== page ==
“People are usually a little stand-offish at first. They don’t believe I’m an internationally competitive athlete,” Hayes said. “But my school has been receptive. The kids are starting to recognize that I’m an athlete.”
“I’ve never been bullied,” Gates said. “I went through elementary school and middle school with the same kids. They’re just used to it. They say they’ve forgotten about it.”
Both Gates and Hayes will be competing on their high school track and field teams this spring, alongside their able-bodied peers.
“Although I have not coached Lauren yet, I have seen her compete many times,” said John Reyes, Grandview’s head track coach. “Despite her physical disability, Lauren does not hint in any way that she is any different than any other athlete at a track meet. She competes to the best of her abilities every time and approaches the sport of track and field as a student of the sport. She works to get better with every race and is a fierce competitor. I’m looking forward to working with Lauren this season.”
“Garrison is a tremendous example for ALL student athletes of all ages of how personal determination and family support can lead to achieving incredible personal goals,” said Steve Carpenter, athletic director at Cherokee Trail High School.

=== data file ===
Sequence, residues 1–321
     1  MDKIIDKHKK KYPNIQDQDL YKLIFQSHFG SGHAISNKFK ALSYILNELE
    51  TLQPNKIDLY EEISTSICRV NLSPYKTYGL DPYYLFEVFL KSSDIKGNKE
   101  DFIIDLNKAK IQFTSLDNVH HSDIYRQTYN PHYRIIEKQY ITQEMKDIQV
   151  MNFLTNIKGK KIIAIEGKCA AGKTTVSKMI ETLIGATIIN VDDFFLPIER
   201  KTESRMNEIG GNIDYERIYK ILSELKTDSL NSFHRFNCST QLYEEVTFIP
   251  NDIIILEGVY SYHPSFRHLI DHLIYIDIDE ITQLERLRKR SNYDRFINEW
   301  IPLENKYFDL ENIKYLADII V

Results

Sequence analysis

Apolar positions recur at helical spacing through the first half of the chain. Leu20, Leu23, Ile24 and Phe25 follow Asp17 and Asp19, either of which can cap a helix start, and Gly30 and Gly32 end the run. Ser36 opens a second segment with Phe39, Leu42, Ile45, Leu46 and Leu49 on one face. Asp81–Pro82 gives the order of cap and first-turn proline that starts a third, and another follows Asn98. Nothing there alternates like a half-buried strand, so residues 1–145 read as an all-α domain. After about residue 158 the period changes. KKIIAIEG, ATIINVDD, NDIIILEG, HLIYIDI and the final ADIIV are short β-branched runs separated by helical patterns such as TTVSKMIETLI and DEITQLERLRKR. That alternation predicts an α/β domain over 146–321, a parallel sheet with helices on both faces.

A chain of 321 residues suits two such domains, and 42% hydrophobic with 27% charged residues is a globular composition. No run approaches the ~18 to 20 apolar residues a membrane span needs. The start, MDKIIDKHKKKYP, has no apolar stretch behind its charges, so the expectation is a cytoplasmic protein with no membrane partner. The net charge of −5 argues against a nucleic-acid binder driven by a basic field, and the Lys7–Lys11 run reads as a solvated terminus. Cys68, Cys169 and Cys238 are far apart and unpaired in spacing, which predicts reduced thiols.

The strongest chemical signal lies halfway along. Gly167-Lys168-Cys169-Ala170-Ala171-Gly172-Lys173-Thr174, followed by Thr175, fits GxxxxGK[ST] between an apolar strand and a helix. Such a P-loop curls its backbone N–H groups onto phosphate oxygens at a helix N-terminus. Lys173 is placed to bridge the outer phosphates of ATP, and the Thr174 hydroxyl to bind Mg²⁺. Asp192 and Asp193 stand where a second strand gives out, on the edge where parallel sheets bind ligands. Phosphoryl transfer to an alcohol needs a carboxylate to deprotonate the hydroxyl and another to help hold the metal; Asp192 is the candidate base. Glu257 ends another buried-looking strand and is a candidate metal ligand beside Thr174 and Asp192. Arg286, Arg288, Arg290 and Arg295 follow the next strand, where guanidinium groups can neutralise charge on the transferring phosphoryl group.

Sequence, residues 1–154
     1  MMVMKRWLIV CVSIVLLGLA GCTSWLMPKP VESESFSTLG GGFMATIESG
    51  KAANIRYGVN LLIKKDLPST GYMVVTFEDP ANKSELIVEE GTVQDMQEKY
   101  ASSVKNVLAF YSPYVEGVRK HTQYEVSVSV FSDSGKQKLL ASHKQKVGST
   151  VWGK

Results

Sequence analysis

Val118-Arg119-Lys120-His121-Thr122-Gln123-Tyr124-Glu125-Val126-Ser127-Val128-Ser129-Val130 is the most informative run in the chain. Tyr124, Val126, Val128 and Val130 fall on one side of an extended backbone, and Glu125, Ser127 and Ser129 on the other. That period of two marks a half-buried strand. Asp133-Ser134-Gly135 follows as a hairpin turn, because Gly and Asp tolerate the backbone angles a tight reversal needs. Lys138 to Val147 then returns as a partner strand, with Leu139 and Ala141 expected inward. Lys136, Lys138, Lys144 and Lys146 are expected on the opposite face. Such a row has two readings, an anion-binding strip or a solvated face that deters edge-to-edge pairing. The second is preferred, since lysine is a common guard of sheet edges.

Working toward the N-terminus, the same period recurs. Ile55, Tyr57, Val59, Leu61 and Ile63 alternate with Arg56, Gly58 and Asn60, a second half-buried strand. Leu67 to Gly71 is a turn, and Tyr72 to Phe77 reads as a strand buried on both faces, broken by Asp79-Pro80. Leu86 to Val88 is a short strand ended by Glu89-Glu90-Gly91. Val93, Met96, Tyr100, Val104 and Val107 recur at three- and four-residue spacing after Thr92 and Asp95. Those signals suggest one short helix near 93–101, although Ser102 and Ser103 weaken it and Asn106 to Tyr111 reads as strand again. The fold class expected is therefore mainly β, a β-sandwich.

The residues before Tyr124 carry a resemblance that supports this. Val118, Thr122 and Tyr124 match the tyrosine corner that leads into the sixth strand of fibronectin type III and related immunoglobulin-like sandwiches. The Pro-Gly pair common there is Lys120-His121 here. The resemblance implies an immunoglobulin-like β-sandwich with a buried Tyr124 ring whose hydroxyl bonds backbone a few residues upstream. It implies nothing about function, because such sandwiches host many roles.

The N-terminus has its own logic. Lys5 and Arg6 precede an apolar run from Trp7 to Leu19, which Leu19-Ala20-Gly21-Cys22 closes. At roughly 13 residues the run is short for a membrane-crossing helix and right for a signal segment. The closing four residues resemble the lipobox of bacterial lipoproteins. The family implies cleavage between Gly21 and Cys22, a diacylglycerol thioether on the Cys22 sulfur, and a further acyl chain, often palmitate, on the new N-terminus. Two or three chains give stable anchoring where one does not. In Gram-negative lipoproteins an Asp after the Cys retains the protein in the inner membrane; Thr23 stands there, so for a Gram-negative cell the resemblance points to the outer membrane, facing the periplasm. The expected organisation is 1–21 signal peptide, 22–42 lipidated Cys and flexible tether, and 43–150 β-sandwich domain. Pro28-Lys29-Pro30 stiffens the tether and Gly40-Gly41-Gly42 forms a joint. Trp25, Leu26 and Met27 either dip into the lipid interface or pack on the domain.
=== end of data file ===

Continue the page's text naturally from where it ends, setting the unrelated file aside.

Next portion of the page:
Gates and Hayes train together three days a week, and like other high school student athletes, they face the challenge of balancing academics and athletics. Both plan on attending college after high school. Gates would like to study engineering and architectural design at Berkley, Cornell or Colorado School of Mines. Hayes is interested in Notre Dame, Penn State and UCLA, where he’d like to study biomedical engineering so he could make his own prosthetics.
Hayes also volunteers at The Children’s Hospital where he was treated. He spends time with other young people facing amputations or other life-altering conditions.
“I let them know that there’s a bright future ahead of them. I invite them to train with us,” Hayes said. “I want them to know that there is a way to become active again. They want to feel that sense of achievement. They don’t want to be treated differently.”
Though neither teen considers themselves a role model, the principals at their respective high schools say they definitely inspire others.
“Lauren is a remarkable student athlete,” said Grandview High School Principal Sarah Grobbel. “Behind her humble personality, you will find a hardworking and determined young lady who will continue to push the boundary of what any young athlete is capable of achieving. She is admired by her peers, not because of what she has overcome, but rather because of what she continues to achieve.”
“Garrison’s presence at Cherokee Trail has enlightened the perspective of students, teachers and coaches,” said Cherokee Trail High School Principal Kim Rauh. “He epitomizes grit and perseverance while remaining humble and appreciative.”
Note: You can learn more about Lauren Gates and Garrison Hayes and support them on their journey toward the 2016 Paralympics at www.garrisonhayes.com and www.laurengatesathlete.com.